It’s a real luxury to glide from golf shot to golf shot in almost total silence except for my muttering about how bad my shot was — especially if I am playing with my regular partner, Lynn, and he has forgotten to put in his hearing aids. I can’t see, so we make a great pair.
An entire book could be written about the driving range. The owners bought a new used machine that is electric and is run by a solar panel of inadequate size.
More often than not, I will stop by to hit a couple of buckets of balls. After I park my car there, take my bag of clubs to where I will hit the balls from and discover that the batteries in the ball machine are out of electricity because that sun has not been out for four or five hours that day. Then it is a long walk to the clubhouse where I can get a bucket of balls and get to hitting them and trying for the 150 yard mark. If only I could see a golf ball in flight that far away.
Sometimes after a long rain, I can hit a ball and hear it plop in the deep mud of the driving range. Grass and mud only the daring would venture into. The owner was a little miffed when I offered to loan him an old pair of snowshoes that his employee could use to retrieve golf balls until the summer sun dried out the mud.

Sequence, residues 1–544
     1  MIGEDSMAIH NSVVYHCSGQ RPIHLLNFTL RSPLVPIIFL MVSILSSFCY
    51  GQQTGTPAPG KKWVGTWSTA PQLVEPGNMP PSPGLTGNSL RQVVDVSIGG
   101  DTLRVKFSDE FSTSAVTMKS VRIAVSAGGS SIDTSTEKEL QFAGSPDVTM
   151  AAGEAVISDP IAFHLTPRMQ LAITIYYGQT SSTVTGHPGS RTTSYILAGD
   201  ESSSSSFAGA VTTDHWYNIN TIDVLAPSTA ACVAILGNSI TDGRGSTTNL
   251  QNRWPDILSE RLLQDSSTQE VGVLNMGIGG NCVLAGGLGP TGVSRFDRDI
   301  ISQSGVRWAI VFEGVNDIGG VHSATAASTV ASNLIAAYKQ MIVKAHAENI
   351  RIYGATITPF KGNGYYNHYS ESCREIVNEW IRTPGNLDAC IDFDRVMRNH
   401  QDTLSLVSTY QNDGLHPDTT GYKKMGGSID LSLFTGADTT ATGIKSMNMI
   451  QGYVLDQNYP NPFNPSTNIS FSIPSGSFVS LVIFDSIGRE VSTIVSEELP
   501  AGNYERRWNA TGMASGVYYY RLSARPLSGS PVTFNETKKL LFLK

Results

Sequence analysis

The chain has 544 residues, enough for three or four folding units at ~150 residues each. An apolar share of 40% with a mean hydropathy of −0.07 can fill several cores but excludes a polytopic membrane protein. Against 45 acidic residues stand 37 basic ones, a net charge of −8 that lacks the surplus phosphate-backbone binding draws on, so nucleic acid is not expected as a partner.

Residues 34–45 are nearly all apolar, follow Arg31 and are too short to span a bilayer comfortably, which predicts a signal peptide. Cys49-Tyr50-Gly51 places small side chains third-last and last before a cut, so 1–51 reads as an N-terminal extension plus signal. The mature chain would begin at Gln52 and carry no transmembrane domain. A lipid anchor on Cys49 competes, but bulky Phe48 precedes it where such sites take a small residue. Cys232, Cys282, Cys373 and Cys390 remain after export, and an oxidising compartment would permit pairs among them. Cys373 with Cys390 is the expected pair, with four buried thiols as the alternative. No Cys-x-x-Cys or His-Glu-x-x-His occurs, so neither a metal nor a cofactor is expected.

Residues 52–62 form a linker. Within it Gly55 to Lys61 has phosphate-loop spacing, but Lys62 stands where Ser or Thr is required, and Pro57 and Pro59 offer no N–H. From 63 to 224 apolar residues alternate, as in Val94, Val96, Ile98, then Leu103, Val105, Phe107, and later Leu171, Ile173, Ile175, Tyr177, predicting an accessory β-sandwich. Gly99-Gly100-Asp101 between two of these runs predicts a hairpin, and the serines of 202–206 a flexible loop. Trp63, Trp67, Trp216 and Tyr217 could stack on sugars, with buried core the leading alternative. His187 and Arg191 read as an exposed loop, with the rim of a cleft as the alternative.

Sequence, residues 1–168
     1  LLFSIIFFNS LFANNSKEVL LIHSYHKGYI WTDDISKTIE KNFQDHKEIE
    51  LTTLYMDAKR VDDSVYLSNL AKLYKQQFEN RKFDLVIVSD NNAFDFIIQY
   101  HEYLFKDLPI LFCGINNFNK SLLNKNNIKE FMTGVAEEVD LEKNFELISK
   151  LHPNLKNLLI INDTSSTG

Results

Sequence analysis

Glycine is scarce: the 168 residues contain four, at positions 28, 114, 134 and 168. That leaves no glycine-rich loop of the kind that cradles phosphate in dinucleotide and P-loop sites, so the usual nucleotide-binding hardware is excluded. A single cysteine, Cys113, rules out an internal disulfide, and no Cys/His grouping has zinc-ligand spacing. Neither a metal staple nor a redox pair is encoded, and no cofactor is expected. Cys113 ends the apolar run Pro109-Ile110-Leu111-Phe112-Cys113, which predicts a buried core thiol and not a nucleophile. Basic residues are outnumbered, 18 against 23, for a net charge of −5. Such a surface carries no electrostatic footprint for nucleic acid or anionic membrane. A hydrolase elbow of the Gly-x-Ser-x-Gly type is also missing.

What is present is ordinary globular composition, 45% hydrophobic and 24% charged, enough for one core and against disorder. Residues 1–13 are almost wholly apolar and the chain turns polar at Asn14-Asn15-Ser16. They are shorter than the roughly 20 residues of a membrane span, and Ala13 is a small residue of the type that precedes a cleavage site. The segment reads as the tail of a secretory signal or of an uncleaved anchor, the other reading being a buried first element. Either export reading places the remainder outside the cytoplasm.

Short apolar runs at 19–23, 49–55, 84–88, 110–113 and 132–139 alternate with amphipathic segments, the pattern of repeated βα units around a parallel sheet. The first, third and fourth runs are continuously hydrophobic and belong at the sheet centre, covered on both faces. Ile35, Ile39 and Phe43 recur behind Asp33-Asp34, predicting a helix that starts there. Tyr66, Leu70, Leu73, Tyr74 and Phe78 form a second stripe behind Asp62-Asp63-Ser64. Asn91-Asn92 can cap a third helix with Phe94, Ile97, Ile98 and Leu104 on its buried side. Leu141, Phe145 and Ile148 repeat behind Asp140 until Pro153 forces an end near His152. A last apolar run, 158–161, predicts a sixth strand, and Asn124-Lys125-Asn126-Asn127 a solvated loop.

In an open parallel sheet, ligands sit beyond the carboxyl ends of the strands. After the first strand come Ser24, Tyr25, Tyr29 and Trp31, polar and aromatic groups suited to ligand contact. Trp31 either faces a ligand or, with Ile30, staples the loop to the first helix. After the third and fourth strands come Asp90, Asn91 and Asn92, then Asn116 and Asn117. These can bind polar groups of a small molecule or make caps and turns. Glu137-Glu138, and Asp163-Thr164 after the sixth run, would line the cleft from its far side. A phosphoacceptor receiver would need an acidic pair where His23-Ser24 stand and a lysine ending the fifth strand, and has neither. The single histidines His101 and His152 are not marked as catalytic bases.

Everyone who plays here got a surprise when the owners bought a brand new lawn mower with a retail price tag of $75,000. They did get a good deal on it though because it was last year’s model and only cost $39,995. It was a great addition to my playing time. I have managed to get halfway to the third hole lately without losing a golf ball in the 4-inch-tall rough that would extend from one end of the course to the other and completely cover the fairways.